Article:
Skip to main content

From New York To London To Paris: Why I Wish Woody Allen Would Comment On My Town

The Golden Globe nominations are out, and the wonderful Midnight In Paris is up for Best Comedy or Musical, Best Actor (Owen Wilson), Best Director (Woody Allen), and Best Screenplay (again, Woody Allen). Having grossed more than one hundred and thirty million dollars worldwide, the film is Woody Allen’s biggest commercial success ever. The question is why. Why, after a career spanning more than forty years and so many beloved movies, have audiences been so taken with the seventy-six year-old’s latest? Critics, observers and fans are offering different explanations. Some see Midnight In Paris as having the broadest appeal of Allen’s career. Others see its success as being the byproduct of so many fans of the director hoping for years that he’d make one last brilliant movie. Maybe there’s a grain of truth to those rationales, but I see a different explanation.

Woody Allen is the greatest tour guide in the world, a perfect mix of sophisticated knowledge and biting wit. He knows all the best places and all the strangest people. Like Anthony Bourdain, the filmmaker has this brilliant ability to simultaneously treasure and trash the same place. For years, he showed us around New York City. Through carriage rides in Central Park, houses sitting below the Thunderbolt on Coney Island and tirades about exorbitant rents for bug-infested apartments, he let his viewers feel like both tourists and residents, hitting the landmarks and the neighborhood holes in the wall. It wasn’t enough for his characters to have personalities shaped by their upbringings and outlooks, many of them had personalities directly shaped by New York.

Of course, it would be inaccurate to say Allen never strayed too far from Midtown. In Bananas, much of the action takes place in San Marcos, a country both fictional and in Latin America. Annie Hall too contains its share of plot-essential traveling, mostly notably in Los Angeles where Alvy somehow comes across as even more cantankerous, but despite these movements and others, it’s still fair to say for much of Allen’s career, he was rightly known as a New York director. That was where he was most comfortable, and that’s where many expected him to stay. So much for that assumption.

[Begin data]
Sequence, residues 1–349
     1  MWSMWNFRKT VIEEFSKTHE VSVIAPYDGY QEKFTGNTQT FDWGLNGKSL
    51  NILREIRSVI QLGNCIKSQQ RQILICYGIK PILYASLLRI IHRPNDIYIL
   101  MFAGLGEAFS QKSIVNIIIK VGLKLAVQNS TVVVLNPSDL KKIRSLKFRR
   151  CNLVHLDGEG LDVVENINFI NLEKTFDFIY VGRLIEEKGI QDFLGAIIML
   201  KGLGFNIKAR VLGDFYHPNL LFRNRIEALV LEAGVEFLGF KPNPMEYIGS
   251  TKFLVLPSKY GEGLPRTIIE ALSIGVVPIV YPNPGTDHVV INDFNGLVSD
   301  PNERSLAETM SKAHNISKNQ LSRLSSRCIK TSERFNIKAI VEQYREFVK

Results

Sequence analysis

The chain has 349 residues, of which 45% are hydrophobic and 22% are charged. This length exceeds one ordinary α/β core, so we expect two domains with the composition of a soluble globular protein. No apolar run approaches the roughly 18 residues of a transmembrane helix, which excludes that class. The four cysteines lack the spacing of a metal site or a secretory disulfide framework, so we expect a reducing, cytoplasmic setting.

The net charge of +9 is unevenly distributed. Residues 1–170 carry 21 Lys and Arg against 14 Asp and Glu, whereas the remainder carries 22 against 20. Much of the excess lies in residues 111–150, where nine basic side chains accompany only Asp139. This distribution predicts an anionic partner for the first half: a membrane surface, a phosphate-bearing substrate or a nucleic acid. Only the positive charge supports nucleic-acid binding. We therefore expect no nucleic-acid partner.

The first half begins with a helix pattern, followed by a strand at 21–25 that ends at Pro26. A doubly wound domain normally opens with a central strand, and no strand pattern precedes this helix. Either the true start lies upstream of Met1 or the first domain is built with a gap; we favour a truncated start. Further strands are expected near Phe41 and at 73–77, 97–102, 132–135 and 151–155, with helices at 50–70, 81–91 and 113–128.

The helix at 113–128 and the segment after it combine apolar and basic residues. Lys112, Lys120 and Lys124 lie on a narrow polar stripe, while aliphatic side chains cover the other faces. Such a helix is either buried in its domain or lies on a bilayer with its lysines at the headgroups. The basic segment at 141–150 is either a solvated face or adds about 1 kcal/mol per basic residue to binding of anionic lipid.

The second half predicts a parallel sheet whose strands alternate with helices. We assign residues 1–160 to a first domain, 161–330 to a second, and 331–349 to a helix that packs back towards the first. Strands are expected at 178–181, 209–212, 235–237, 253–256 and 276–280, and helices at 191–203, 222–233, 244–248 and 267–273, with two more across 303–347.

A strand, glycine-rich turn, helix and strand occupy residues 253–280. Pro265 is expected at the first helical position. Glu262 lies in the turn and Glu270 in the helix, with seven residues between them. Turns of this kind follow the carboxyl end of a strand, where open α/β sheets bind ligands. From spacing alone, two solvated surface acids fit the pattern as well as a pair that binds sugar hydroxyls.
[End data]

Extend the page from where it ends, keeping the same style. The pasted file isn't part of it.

Since 2005, Allen has shot the majority of his movies in Europe. From London to Paris to Barcelona, he’s gallivanted around the world and somehow found a renewed focus and energy while doing it. Diving into his locations in an attempt to make them feel as authentic as possible, Allen has tried to bring the sharpness and focus he looked at New York with to some of the more beautiful and historic places across the ocean. In doing so, he’s given us two very good films,Match Point and Vicky Cristina Barcelona, and now, one absolutely brilliant movie.

To many, Paris is the most enchanting city in Europe. A strange mix of historical significance and modern high society, it’s a bridge between the past and present, a place where travelers can acculturate themselves with the old and the opulent while living amidst bustling relevance. In Midnight In Paris, Woody Allen walks that complex tightrope perfectly, giving viewers both the modern perspective through the eyes of visitors and the dreamy throwback through the eyes of the Lost Generation. It plays like a walking tour of the most visited city in the world, and as our eyes and ears, Allen is simply perfect. The same attention to detail and the same wonderment he gave to New York for so many years, he gives to Paris here, making it feel every bit as magical as we might expect without losing a sense of honesty.

I’ve always wanted to visit Paris. Woody Allen hasn’t changed that longing, except maybe to add in the wrinkle that I’d like to visit it with him. I’d like to see the city through his eyes just a little bit longer. I’d like him to show me a few more characters who live there. I’d like to know why they live there, what they do for livings and how Paris has shaped their lives. In fact, I’d like him to spend the next twenty years showing me Paris, at least if that wouldn’t inhibit him from showing me around the rest of the world.

From New York to London to Paris, Woody Allen has looked at a lot of the most wonderful cities on Earth. Now I want him to comment on my town. I want him to go to the places I go. I want his characters to eat at the same restaurants I do. I want to know how he’d see where I live my life, and when he’s done, I’d like to see him comment on your neck of the woods. For years, I loved how he showed me New York from so many different angles, but now Midnight In Paris has made me want to see the rest of the world.

That’s why I think people love Midnight In Paris, and that’s why, selfishly, I want Woody Allen to visit me next.

Mack Rawden
Editor In Chief

Enthusiastic about Clue, case-of-the-week mysteries, the NBA and cookies at Disney World. Less enthusiastic about the pricing structure of cable, loud noises and Tuesdays.